Bob Deraney had to stretch some second-rate truths in order to subtly acknowledge the more pressing truths in the aftermath of last Sunday’s Mayor’s Cup mayhem.
Theoretically, the PC women’s head coach could have offered Brown goaltender Katie Jamieson at least a dollop of credit for performing her fundamental duties amidst the Friars’ 19-shot tempest in the first period. And he would not rightly be blamed if he at least minimally faulted the injury-induced depth chart chaos that has complicated the continuity in his line combinations.
But there’s something equally obvious about the Friars’ latest results, especially Sunday’s 5-1 falter and a 3-1 slip before Syracuse a week prior. Deraney saw much better from his pupils –full bench or not- against certified national heavyweights in the opening month of this season. Of their five “non-wins,” as it were, the only two that didn’t go to overtime, didn’t see more than one PC goal, and didn’t see the Friars bite back once they were down, were against two ostensibly softer adversaries.
Conversely, two weeks ago, Providence flaunted a rabid appetite to ascend the national ladder when they faced a pair of ranked programs in Clarkson and St. Lawrence, ultimately posting a 0-1-1 transcript and a combined 6-5 deficit, but still picking up votes for a bigger bolder, honorable mention.
Overall, in their first five games, the Friars were an irreproachable 3-1-1 coupled with a decent 15-8 scoring differential. Since then, they have slipped and slid on an 0-2-1 run and an aggregate 10-4 scoring deficit.
What’s happened? Did that first half of October just fetter them with excess confidence?
“I think it could have been a factor in that,” conceded junior A-captain Jean O’Neill. “It’s one thing we have to be aware of and not let it get to our heads in future games. The results are always unfavorable when things get to our head like that.”
If that is the root of this recession, then there is not really much for Friartownies to fret about. It can’t be much more than a matter of replenishing the approach that amounted to the aforementioned 3-1-1 start.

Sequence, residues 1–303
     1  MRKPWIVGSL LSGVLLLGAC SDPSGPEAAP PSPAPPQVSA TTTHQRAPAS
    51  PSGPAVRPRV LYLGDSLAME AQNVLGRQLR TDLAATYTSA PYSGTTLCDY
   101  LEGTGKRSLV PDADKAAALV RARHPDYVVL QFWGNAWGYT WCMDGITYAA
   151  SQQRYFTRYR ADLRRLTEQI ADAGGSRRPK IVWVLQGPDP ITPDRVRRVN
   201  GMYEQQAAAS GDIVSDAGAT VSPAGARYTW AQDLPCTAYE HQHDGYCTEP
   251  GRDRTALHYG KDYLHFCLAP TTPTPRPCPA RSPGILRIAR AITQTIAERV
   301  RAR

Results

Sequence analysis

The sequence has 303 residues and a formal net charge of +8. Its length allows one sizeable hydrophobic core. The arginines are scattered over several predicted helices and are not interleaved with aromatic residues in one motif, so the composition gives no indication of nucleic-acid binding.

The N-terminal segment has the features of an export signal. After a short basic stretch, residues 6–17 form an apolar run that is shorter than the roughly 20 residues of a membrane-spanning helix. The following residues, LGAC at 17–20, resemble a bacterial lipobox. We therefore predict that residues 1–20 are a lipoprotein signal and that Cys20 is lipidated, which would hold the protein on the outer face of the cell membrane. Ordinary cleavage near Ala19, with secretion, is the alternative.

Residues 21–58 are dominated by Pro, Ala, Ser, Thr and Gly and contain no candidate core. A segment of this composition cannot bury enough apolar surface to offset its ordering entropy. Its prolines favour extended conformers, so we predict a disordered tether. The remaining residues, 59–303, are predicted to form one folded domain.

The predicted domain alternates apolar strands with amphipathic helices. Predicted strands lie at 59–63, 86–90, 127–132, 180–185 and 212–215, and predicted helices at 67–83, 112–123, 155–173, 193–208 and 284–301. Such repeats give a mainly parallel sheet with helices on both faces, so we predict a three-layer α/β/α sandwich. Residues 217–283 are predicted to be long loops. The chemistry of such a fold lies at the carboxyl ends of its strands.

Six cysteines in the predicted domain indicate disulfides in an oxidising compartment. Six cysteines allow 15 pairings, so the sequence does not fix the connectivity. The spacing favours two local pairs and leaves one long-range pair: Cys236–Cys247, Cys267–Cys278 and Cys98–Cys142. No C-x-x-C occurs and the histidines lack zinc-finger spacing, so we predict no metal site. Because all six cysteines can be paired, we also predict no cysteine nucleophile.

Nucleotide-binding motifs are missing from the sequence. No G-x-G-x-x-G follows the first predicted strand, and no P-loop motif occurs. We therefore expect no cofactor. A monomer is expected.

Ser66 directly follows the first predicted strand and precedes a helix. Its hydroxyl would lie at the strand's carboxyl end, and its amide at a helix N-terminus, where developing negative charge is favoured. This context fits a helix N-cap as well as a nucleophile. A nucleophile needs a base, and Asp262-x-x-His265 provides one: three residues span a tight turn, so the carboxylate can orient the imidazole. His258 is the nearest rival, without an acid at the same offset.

Then again, the first step is proving they can follow through on a bold pledge, which is now a prerequisite to regaining what they have already proven.
O’Neill made the boldest pledge yet when asked about the coming weekend action, which features a visit from Boston University tomorrow afternoon followed by a Sunday day trip over to Connecticut.
“I expect two wins this weekend,” she said. “Plain and simple, four points. We match up really well with both these teams. They’re both going to be huge battles. We just need to capitalize on our chances and put the puck in the net.”
Presumably, O’Neill derived her mini Mark Messier-like assertion from hunger to restore order and not, say, the Friars recent history with the Terriers and Huskies, which has been favorable enough to carry one away. Last year, PC wrested their season series from BU at 2-0-1 and from UConn at 3-1-0, those two losses requiring more than regulation to occur.
But at the moment, their two upcoming adversaries have a little more national credibility. The Terriers, a bizarre 2-1-4 thus far with a whopping five overtime decisions, have nonetheless retained their Top 10 membership all season. They enter the weekend in the No. 10 slot in all relevant surveys.
Meanwhile, UConn has finally cracked out of its offensive chrysalis and, with two wins last week by an aggregate 12-2, nabbed two honorable mention votes in the US College Hockey Online poll.
Their name gone completely missing from all polls for the first time this year, the Friars have a cordial invitation to simultaneously regain the job-well-done sensation they sorely need and a dollop of can’t-hurt recognition. Furthermore, with the next seven games all within Hockey East boundaries, it’s their chance to build on a current tie for first place with Northeastern and to follow up on the anonymous preseason opinion of two league coaches who think they are most fit to win the WHEA pennant.
Beyond that, it will be a chance for unanimous All-Rookie selection Laura Veharanta to really thaw out her twig. It will be a chance for another nine individual skaters to snap a scoreless streak two games of age or older, which would inevitably bump up the offense from the No. 7 slot in the league rankings.
In recent years, the chief reason the Friars have been little more than a .500 performer is a shortage of goals to complement their watertight defense. Lo and behold, that is again why they are a level 3-3-2 going into this weekend.
Expectably, Deraney had addressed his team’s topmost need prior to the season. But so far, especially in the recent hiccup, it’s been as though the opposing stoppers are way ahead of the plan. The Friars have leveled a reasonable 98 shots on net their last three games, though a mere four have tuned the mesh.
The solution is within hooking distance, though. They just need to keep hacking, act like they want it, and act like they know what they’re doing.
“Goalies on other teams are always going to come out big,” said O’Neill. “We just need to shoot for under the crossbar, through the five-hole, just spots where we’re more likely to score goals. We just have to capitalize on the opportunities we have.”
Al Daniel can be reached at firstname.lastname@example.org
This article originally appeared in the Friartown Free Press